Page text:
Chris Bryant Interview

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Source: ABC Sunday Profile

JULIA BAIRD: Hello I’m Julia Baird and welcome to Sunday Profile. It’s good to be with you.

The story of Chris Bryant is one of the most extraordinary in British politics. He was once a conservative and is now a Labour MP. He was once an Anglican priest and became the first gay MP to marry in the House of Commons.

The life of Chris Bryant has not been dull.

But his most prominent role to date has been that of crusader against corrupt journalism. For a decade he has fiercely pursued those he considers to blame for the most outrageous incursions into our privacy.

He’s also the arch enemy of the flame haired former editor of News of the World Rebekah Brooks.

Bryant’s political aspirations came very close to an end back in 2003 when a tabloid paper published a photo of him in his underpants which he had sent to someone he met on a gay dating website. Fleet Street reprinted it endlessly.

Bryant says this was deliberate payback from editors who wanted to destroy him for his aggressive questioning of their ethics, intrusion into privacy and payments to police.

But he persisted.

His detractors once called him Tony Blair’s attack poodle.

But since the News of the World scandal resurfaced this year as one of the biggest international stories he’s grown into a full-sized attack dog.

And that’s because his voice has been one of the loudest and clearest in the UK parliament as he has pushed relentlessly and successfully for a series of inquiries into the News Corp phone hacking scandal.

He has not minced his words.

CHRIS BRYANT (in parliament): These are not just the amoral actions of some lone private investigator tied to a rogue News of the World reporter. They are the immoral and almost certainly criminal deeds of an organisation that was appallingly led and had completely lost sight of any idea of decency or shared humanity.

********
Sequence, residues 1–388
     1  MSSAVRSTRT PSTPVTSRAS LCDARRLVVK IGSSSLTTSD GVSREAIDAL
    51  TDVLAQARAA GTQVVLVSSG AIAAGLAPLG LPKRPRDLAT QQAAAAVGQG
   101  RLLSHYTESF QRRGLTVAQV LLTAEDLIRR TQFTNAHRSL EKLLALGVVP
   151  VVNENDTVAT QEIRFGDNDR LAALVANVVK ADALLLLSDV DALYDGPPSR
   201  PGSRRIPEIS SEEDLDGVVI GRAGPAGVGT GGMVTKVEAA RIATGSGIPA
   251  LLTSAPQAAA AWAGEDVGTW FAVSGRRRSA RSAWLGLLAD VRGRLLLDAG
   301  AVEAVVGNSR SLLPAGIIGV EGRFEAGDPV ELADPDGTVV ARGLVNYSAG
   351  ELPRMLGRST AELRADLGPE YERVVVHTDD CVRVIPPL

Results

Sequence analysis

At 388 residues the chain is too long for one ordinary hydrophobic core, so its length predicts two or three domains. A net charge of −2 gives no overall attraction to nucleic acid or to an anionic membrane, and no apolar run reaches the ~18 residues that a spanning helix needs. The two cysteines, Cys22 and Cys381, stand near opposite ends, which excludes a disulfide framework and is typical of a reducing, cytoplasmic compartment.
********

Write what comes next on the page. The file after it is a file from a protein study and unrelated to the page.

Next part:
JULIA BAIRD: So far a dozen people have been arrested, a tabloid paper has been closed and hundreds of journalists have been sacked.

But Chris Bryant likens this scandal to a Shakespearean play that is just at intermission.

He joins us from London to tell us what it was that first made him suspicious that there was something rotten in the state of modern journalism.

CHRIS BRYANT: At first I think a lot of people thought, hang on this is a kind of political Westminster bubble kind of issue; that the News of the World was hacking into some celebrities’ phones and some politicians’ phones and frankly who cares about it.

But then when people realised that actually what the News of the World was doing was whenever there was a big story they just immediately wanted a slice of the action, even if that was you know a young girl who’d disappeared and had then been murdered, or two young girls’ families who had their phones hacked when the two girls were raped and then murdered.

And then when on top of that there was the cover-up which was immensely apparent because the police had been paid for information.

The very policeman who was meant to be in charge of investigating the News of the World was busy having dinner with executives at the News of the World on the very day that he was meant to be making a decision about whether to open a new investigation into the News of the World.

That’s when I think people started to think, hang on, there is something rotten here and we need to get to the bottom of it.

I should say incidentally I think you know we in Britain like Shakespearean tragedies. They come in five acts and we’re only in Act III at the moment.

JULIA BAIRD: I would like to come back to the final two acts in a moment and some of the broader implications of the investigations into tabloid journalism in the UK and the rest of the world.

But first of all I’d like to talk to you a little bit about your own story and how you found yourself at the forefront of the fight against News Limited in this instance, against certain parts of tabloid journalism more generally.

Now you’ve been on this case since 2003 at least. You’ve called for a crucial emergency debate in the House of Commons on the hacking scandal most recently as well as the failure of the police to investigate it properly.

Can you tell us how you first became involved in this campaign or began it?